How Much Snow?

December 09, 2013 D'Arcy McLeish

25 Metres. That’s how much. It’s early December and while the only skiing on offer on the south coast of BC is of the man-made variety in frigid Arctic temps, the north coast of BC has been getting stormed on since early November.

All time... Photo - Rand Lincks
All time…
Photo – Rand Lincks

And it well has to. Reaching that ridiculous average of 25m or 82ft of snow each year is an achievement in and of itself. To put that in perspective, other ski resorts can’t even come close to those numbers. Whistler, for instance, averages about 10 metres per year and even Mt Baker, which boasts the ‘unofficially’ highest annual snowfall for ski resorts worldwide, records an average of 16.3 metres.

Snow and Terrain...no one else comes close...
Snow and Terrain…no one else comes close…

When Last Frontier Heliskiing was first set up, one of the driving ideas behind the operation was to find an area deep in the heart of a snowy, mountain wilderness, away from the hustle and bustle of the world. They wanted a place that boasts epic, untouched terrain, and some of the deepest snow in the world. Last Frontier Heliskiing isn’t in the business of day trips of four runs. They’re in the business of providing a true wilderness heliskiing experience. Elegant, rustic accommodations, good food and an obsession for service are some of the cornerstones of the business. But the one thing that separates Last Frontier from everyone else is the snow. It’s why our guides keep coming back year after year. It’s why our clients come from the world over to spend a week or two or even three shredding the deepest snow on offer anywhere. The snow is what drives us to continue to offer what we think is the best heliski experience in the world.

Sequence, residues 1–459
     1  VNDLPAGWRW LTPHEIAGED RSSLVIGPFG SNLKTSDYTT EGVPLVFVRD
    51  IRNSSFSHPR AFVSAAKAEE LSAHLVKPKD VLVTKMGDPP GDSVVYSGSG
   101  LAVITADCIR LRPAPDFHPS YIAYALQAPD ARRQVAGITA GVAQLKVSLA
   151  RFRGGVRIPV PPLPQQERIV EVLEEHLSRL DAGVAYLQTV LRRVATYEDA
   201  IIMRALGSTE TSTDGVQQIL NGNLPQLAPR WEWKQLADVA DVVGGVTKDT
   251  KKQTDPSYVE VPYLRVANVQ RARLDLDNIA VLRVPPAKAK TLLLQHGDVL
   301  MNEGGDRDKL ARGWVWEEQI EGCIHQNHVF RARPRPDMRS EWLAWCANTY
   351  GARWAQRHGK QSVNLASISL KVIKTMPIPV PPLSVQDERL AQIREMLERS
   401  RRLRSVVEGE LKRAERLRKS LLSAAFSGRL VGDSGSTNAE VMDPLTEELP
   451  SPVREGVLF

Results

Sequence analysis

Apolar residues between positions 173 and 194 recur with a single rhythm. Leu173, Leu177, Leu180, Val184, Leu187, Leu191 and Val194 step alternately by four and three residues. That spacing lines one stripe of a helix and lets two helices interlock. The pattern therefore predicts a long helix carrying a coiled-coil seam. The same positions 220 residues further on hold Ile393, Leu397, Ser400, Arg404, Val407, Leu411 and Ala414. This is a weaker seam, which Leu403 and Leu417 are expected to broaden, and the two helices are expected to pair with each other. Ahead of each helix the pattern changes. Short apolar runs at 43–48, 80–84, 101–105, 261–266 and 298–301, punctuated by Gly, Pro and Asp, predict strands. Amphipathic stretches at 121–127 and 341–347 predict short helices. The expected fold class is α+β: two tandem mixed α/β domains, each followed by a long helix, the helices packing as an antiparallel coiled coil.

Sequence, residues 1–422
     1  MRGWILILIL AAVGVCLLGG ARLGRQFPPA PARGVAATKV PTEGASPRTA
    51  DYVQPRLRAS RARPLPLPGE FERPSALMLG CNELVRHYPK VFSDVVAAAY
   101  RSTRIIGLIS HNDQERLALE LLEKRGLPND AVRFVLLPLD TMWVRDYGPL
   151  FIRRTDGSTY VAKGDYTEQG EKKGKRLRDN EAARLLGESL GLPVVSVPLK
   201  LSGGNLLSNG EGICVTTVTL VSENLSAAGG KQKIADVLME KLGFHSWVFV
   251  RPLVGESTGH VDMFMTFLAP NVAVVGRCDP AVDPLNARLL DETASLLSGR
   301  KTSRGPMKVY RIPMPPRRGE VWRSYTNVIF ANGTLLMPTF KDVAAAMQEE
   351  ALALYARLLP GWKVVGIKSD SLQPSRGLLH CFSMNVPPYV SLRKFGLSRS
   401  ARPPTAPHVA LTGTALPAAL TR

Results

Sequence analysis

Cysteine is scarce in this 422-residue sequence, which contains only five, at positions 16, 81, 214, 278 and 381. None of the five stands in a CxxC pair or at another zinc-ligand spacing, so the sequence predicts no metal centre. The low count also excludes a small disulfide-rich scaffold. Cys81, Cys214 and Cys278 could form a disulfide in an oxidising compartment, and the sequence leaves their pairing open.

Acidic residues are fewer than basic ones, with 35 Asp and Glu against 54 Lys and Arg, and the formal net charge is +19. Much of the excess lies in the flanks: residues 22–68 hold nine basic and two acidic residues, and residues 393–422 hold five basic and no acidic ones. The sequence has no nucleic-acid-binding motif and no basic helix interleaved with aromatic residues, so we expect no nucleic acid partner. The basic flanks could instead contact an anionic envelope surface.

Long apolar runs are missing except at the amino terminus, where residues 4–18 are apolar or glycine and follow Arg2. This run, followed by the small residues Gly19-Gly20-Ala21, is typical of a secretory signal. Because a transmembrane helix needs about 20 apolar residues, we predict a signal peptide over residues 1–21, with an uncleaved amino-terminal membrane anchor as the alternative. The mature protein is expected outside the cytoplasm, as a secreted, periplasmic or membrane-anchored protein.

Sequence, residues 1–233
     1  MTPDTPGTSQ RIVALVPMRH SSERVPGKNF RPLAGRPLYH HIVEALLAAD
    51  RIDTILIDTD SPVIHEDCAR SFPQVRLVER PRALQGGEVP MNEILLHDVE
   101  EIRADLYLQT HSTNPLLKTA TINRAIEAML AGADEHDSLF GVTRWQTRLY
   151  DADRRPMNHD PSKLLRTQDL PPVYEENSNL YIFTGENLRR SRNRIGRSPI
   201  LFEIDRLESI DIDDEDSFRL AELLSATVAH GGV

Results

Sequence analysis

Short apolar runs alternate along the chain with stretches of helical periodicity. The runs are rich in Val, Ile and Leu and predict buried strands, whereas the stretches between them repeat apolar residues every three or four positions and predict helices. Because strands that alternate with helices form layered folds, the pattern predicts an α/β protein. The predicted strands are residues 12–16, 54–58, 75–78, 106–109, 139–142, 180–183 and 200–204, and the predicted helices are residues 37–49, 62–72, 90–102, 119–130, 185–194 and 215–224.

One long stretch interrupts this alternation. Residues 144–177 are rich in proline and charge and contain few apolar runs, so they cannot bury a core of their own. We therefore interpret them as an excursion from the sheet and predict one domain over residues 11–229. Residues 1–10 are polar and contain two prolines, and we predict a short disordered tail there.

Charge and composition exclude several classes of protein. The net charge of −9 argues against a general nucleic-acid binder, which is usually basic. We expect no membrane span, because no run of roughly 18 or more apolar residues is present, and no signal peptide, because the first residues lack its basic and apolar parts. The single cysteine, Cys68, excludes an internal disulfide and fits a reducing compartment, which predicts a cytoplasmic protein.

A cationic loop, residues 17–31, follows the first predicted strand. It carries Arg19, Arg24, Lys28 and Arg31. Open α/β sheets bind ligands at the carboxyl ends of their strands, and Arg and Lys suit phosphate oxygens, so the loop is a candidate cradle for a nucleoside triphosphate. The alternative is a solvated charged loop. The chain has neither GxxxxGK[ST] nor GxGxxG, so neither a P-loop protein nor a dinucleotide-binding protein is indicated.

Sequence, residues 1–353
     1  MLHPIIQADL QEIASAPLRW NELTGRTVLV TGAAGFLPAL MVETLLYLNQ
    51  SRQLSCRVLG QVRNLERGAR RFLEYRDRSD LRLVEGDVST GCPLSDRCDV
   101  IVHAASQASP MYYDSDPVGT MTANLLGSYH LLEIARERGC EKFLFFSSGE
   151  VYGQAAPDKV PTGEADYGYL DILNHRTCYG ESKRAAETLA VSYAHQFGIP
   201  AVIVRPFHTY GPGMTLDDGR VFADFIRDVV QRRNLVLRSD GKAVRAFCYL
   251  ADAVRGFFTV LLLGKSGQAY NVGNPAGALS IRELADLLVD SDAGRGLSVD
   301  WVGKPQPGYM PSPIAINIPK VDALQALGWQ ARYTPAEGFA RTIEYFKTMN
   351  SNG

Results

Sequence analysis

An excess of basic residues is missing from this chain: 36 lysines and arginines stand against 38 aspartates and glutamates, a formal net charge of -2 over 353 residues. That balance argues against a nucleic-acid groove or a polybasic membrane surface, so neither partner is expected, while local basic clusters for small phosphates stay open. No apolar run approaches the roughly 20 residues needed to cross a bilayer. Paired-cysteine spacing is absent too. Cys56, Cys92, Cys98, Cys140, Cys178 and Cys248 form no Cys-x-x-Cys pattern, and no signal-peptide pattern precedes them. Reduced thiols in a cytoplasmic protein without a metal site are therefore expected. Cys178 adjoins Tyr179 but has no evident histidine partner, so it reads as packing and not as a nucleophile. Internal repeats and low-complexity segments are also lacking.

This is what I want heliskiing to be... Photo - Dave Silver
This is what I want heliskiing to be…
Photo – Dave Silver

When I think of heliskiing, I have a pretty vivid picture of what I want. Let’s be honest, heliskiing isn’t cheap. Doing a few runs off the backside of a ski resort isn’t my idea of a good time skiing. I can do that myself with a pair of skins and some touring bindings. Skiing waist deep powder on every run for a week in January or thousands of vertical feet in bright, alpine sunshine on glaciers and endless fields of untracked snow in March is my idea of what heliskiing should be. Being pampered, eating well and falling asleep in front of a roaring fire 400km from the nearest town after a day of off the hook skiing is what I want in a heliski vacation.

Don’t you?

If this doesn’t convince you…

So do your shopping. Look around and you’ll see what’s on offer and then book a trip to the Last Frontier. The epic terrain, ridiculous amounts of snow and the choice of two sick lodges in one of the more remote and beautiful mountain ranges on earth says you won’t regret it.

LFH.